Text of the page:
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Will Oldham 

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Master of Every Song

Will Oldham does not want you to see songs, only hear them

By Sara Bir

Palace Music, Palace, Palace Brothers, Bonnie "Prince" Billy--take your pick. Ultimately, it's all Will Oldham, though that's not what Oldham would likely believe himself or have you believe. Critics enthrone him, indie-rock hipster kids worship him, and the mainstream music outlets of America don't recognize his name--er, names.

There's a lot of pressure in writing about Oldham, because his fans are the sort who could easily pinpoint an ill-informed critic. The unlikely details of Oldham's background are scattered over a trail of interviews in which Oldham affects record levels of squirreliness. Imagine, then, how it feels to be Oldham, to make music that's so loved and fixated on--music whose identity the public cannot manage to extricate from the real Oldham himself, whoever he is.

But facts first: Will Oldham is undeniably a weird dude, and that can be distilled just from first glances at his trademark unkempt appearance. There's not a lot of hair on the top of his head, but there's plenty in the back and a bushy mess of it up front (usually, at least) in the form of a crazy-man, Walt Whitman-style beard.

Oldham's background as an actor--in 1987, he played a leading role in the film Matewan--could account for his tendency to adopt a stable of personas for recording and performing. He's released three albums under the Bonnie "Prince" Billy moniker: 1999's I See a Darkness, 2001's Ease down the Road, and this year's Master and Everyone, which thematically walks the middle ground between the earlier two.

Prior to these, he put out one album under his given name but primarily worked under variations on the Palace Brothers name, often recording with his brothers Ned and Paul. Since the Palace days, Oldham's songs have become more stripped-down, musically; Master and Everyone is bare-bones in its musical accompaniment, but its focus on the eternal conundrums of domestic issues has a lived-in feel that's frequently mistaken for American roots music.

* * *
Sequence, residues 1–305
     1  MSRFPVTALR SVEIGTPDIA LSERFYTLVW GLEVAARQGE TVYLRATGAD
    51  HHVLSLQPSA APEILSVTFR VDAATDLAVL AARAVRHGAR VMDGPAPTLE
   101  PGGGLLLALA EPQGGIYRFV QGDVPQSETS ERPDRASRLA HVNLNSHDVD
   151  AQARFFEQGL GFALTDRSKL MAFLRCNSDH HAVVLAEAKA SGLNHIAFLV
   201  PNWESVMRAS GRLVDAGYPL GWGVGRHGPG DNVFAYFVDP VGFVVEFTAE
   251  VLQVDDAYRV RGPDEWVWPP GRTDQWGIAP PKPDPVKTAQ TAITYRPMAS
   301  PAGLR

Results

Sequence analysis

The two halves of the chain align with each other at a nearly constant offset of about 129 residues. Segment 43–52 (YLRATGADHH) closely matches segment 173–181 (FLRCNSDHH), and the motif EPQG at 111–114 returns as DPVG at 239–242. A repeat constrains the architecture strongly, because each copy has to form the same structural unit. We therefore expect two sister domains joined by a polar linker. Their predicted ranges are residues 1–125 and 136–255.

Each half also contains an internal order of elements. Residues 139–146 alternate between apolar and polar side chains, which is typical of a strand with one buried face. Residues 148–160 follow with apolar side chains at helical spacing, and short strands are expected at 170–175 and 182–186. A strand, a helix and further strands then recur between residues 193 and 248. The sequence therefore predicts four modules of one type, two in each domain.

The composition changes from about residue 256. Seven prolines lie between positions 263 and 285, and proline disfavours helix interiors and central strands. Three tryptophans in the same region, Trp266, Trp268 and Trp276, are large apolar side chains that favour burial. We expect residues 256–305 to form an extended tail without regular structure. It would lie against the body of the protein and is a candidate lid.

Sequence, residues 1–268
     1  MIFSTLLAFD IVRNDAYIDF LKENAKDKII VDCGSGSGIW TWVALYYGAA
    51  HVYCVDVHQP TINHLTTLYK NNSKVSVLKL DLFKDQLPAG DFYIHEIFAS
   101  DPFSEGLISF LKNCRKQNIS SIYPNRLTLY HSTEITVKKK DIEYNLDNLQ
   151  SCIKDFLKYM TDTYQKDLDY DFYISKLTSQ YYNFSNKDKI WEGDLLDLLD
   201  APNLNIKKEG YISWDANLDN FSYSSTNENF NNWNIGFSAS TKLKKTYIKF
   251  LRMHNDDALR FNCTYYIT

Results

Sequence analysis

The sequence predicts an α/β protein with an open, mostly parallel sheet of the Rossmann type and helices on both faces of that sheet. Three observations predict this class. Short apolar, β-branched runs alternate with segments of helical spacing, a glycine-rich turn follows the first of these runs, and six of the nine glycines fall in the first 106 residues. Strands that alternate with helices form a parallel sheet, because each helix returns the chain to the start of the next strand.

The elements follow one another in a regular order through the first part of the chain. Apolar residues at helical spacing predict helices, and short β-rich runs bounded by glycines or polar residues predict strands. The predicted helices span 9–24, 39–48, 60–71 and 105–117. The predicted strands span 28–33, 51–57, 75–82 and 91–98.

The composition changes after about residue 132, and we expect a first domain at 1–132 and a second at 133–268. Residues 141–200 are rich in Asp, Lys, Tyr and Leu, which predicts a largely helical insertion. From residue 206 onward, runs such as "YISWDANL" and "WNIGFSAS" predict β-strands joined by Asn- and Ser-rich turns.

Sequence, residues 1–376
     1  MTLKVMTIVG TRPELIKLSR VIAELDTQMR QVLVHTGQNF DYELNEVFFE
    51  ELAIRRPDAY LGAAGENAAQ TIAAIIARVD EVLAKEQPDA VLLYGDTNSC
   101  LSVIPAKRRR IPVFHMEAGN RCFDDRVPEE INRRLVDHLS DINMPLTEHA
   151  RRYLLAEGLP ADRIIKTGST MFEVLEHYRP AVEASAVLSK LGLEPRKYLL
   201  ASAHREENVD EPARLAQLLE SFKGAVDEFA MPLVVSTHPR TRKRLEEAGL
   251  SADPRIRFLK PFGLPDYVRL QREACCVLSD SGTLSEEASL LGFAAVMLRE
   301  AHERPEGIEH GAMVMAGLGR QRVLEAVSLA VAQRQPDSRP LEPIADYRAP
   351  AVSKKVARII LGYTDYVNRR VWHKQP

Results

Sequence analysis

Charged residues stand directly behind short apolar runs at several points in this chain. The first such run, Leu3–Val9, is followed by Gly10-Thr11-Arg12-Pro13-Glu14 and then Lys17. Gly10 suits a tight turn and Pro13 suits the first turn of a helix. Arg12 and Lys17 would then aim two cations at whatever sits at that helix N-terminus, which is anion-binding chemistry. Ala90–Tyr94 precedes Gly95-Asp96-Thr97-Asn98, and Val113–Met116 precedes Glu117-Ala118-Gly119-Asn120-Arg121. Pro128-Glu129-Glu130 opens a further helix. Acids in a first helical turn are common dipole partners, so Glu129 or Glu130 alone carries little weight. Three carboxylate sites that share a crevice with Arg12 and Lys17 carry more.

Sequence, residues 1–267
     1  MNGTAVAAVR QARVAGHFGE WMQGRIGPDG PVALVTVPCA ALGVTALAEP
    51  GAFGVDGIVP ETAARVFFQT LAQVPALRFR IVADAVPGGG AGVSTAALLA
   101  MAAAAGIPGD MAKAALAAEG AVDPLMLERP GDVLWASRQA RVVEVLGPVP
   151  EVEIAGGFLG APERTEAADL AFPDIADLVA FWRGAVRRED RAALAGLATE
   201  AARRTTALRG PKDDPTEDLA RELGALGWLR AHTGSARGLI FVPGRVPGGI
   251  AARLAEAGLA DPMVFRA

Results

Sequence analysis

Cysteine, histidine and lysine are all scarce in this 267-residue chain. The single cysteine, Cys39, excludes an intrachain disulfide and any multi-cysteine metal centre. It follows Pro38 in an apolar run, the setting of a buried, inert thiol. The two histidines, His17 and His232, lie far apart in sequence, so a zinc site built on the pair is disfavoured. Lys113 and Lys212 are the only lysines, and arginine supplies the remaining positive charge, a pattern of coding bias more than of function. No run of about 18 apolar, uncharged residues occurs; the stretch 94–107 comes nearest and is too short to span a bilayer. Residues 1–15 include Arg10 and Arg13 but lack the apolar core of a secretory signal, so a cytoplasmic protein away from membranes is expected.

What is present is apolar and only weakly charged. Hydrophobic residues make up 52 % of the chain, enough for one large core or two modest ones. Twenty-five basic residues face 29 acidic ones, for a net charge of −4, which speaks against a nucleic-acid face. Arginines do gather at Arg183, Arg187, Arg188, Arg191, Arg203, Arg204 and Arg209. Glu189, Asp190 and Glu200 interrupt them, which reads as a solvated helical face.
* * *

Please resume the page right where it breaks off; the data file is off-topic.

Oldham's compositions are so evocative that they make listeners remember things they were never around to forget and recall feelings they never experienced firsthand. There's a sense to his narratives that Oldham's singing his own life stories straight up, even though he's not, a gift the songwriter shares with such modern-day troubadours as Nick Cave and Tom Waits.

Oldham's lyrics are often oddly sexual too--or sexual and odd; it's hard to tell which. Erotic declarations and blunt desires crop up midverse from nowhere, though their presence is never as disruptive as it is placidly brazen. "She was a fine-looking lady / and she liked to go down on me / and I liked to go down on her, too" he sings with a wistful bluntness in "A King at Night."

There's a sincere fragility so clear in Oldham's voice--almost mouselike at times--which, when sung over his narratives, makes the songs faraway and mysterious and familiar all at once.

Notoriously reticent during interviews, Oldham rarely consorts with the media these days; the notion of celebrity and its corrosive power upon an artist's vision seem to sicken him. When he is available for public comment, the results can be befuddling and cryptic.

"What makes a record different has to do with people and time of year and weather and just time," he was quoted in online magazine Neumu. And in a note printed on fancy letterhead that came with our Bonnie "Prince" Billy press pack, Oldham cryptically scribbled, "Nobody is supposed to see, ever, just hear, which is why we make records."

That's the enigma of Will Oldham. He's a tough nut to crack, though with a seemingly endless chain of recordings to scrutinize, it's impossible not to examine the evidence and try.

Bonnie 'Prince' Billy will play at the Old Western Saloon in Point Reyes Station, 11201 Hwy. 1, on Tuesday, May 6. Brightblack and the amazing harpist Joana Newson, who is very much worth checking out herself, open. Show starts at 8pm. $5. 415.663.1661.

From the May 1-7, 2003 issue of the North Bay Bohemian.

© Metro Publishing Inc.

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